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Indirect Hard Modeling (IHM)

Indirect Hard Modeling (IHM) is the central method in spectral Hard Modeling. Here we address the fundamental questions about the method and its application.

Why IHM?

In some cases, the "traditional" tools in chemometrics fail:
  • Analysis of peak heights or areas fails in cases of strong peak overlap.
  • Data-driven methods like Partial Least Squares (PLS) fail in cases of strong peak shifts and deformations, or require extraordinarily high calibration efforts.
  • Frequently changing applications require fast and efficient calibration. Extrapolation into new concentration or temperature ranges should be of low effort, without the need of a full re-calibration.

What is IHM?

Indirect Hard Modeling (IHM) uses a physically motivated model - hence, Hard Model -, to predict concentrationds from a mixture spectrum. Physics tell us that a mixture spectrum is composed of the contributions of the mixture components, and that the intensity of a component is linked to its concentration.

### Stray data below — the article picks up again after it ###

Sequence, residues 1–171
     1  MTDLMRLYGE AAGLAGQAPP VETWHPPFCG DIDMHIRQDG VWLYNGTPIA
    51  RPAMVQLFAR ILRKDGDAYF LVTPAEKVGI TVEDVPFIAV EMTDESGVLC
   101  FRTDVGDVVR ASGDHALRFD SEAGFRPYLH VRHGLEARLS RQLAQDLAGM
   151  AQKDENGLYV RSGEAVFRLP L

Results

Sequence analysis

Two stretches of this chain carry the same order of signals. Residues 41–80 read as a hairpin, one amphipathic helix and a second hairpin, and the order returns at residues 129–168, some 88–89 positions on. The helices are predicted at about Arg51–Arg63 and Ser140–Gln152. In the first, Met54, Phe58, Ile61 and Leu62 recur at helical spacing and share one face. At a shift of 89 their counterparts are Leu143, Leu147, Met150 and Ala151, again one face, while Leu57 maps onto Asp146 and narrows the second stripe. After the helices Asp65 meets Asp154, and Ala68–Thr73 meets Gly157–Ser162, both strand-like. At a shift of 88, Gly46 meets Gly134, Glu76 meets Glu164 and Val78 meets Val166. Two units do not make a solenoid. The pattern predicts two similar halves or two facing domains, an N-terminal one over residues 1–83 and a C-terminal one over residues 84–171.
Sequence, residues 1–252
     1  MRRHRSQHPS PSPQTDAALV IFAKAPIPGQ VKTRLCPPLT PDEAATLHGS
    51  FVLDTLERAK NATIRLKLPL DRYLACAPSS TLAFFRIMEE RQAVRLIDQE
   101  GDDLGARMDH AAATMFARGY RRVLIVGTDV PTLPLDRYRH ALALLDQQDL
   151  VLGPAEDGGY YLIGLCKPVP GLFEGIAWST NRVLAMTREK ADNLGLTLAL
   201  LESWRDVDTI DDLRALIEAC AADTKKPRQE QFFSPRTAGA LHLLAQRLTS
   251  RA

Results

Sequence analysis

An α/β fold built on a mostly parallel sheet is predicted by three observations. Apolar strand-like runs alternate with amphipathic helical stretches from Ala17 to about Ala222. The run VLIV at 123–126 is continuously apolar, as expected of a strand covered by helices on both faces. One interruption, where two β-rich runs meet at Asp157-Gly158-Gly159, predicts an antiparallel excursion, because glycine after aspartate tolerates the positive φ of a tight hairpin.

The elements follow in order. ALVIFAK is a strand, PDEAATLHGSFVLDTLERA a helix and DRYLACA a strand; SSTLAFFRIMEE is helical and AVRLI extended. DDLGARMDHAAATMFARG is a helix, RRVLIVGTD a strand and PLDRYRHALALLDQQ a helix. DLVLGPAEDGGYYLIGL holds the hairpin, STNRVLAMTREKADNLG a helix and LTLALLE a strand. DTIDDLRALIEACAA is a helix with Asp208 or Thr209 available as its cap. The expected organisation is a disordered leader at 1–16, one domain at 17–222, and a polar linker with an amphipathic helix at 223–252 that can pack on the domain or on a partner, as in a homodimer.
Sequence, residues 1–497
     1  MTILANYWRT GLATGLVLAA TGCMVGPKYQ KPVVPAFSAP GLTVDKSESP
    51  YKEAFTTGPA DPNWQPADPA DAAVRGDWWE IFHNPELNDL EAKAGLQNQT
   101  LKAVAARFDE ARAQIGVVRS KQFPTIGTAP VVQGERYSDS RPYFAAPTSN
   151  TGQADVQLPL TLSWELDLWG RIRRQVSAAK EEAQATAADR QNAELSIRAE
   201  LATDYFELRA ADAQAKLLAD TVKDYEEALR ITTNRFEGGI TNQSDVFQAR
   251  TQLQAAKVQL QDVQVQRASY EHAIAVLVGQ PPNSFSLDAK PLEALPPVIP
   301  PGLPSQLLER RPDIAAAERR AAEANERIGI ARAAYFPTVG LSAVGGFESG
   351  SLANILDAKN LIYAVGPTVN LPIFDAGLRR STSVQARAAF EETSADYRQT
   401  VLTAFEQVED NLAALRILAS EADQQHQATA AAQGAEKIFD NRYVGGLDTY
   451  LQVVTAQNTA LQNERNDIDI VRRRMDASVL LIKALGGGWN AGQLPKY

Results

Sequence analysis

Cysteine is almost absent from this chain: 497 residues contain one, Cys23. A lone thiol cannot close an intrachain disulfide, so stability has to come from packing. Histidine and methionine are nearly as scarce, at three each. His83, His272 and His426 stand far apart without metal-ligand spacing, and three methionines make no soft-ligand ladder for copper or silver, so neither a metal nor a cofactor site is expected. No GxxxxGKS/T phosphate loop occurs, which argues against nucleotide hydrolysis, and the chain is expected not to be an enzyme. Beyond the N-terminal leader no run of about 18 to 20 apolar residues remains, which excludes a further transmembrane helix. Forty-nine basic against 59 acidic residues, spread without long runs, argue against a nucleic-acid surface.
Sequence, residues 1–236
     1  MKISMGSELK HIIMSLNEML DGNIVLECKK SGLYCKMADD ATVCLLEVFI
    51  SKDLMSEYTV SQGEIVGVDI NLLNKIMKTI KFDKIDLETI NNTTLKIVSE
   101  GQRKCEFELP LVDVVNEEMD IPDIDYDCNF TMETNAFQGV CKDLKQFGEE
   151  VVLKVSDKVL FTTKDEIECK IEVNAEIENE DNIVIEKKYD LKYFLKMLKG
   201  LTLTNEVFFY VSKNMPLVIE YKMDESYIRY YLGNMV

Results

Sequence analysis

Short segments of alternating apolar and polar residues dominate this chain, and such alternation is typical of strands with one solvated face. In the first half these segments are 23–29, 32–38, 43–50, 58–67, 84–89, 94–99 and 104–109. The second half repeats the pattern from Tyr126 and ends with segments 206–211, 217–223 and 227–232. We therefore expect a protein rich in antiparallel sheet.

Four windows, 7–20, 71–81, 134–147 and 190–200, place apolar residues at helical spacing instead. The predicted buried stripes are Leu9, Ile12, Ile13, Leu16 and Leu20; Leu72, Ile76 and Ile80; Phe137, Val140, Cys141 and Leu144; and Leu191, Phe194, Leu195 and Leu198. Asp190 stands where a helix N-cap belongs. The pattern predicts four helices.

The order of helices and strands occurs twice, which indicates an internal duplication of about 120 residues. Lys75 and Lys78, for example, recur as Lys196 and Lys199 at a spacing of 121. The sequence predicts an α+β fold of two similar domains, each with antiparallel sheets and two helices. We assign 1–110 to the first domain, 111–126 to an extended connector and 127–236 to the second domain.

A mixture spectrum explained by the weighted sum of the component spectra.

The spectrum of a component is composed of peak-shaped signals, expressed mathematically by (peak) functions.

Representation of a component spectrum by a group of peak functions.

This generates a spectral model in which all parameters have a physical meaning: describing at the same time the shape of spectra, with peak positions, peak width etc., and the mixture composition with Component Weights ωk.

For the analysis of a mixture, the model gets fitted to the mixture spectrum by calculating the Component Weights. Peak shifts and other shape changes are compensated automatically.

How do I apply IHM?

For the individual use of IHM in PEAXACT, we are providing the following materials: